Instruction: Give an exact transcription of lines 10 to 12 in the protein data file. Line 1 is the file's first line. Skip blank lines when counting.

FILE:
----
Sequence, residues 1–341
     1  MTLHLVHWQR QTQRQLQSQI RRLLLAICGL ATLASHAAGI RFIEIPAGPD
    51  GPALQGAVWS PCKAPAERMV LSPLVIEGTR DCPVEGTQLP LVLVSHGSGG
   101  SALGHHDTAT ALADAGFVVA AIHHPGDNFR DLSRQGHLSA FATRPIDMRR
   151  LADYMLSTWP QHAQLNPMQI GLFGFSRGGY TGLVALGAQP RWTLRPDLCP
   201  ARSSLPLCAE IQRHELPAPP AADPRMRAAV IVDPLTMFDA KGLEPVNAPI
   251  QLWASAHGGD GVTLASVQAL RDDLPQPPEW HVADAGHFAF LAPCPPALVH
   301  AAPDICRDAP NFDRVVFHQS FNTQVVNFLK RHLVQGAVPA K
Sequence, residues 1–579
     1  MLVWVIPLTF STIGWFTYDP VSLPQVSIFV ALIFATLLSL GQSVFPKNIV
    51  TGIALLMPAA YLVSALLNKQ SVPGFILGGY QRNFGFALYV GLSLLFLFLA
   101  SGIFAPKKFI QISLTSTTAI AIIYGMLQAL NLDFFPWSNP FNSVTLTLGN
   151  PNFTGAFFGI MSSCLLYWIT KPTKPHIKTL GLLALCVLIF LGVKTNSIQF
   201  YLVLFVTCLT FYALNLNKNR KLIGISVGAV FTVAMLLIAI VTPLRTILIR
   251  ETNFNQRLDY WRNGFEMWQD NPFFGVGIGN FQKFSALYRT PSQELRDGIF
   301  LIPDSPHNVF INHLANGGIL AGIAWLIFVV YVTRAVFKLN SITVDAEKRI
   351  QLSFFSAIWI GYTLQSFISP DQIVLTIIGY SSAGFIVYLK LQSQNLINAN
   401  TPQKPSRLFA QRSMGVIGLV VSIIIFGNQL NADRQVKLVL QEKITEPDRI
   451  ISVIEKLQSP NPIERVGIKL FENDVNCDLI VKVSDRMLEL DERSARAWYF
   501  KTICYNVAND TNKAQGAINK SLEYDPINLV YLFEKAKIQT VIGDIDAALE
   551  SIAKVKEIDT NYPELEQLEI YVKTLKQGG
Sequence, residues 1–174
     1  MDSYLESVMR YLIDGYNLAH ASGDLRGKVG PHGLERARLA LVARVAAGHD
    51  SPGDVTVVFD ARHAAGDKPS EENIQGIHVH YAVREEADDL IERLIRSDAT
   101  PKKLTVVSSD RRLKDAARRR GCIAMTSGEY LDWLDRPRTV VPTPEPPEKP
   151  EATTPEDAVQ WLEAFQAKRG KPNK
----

     1  MLVWVIPLTF STIGWFTYDP VSLPQVSIFV ALIFATLLSL GQSVFPKNIV
    51  TGIALLMPAA YLVSALLNKQ SVPGFILGGY QRNFGFALYV GLSLLFLFLA
   101  SGIFAPKKFI QISLTSTTAI AIIYGMLQAL NLDFFPWSNP FNSVTLTLGN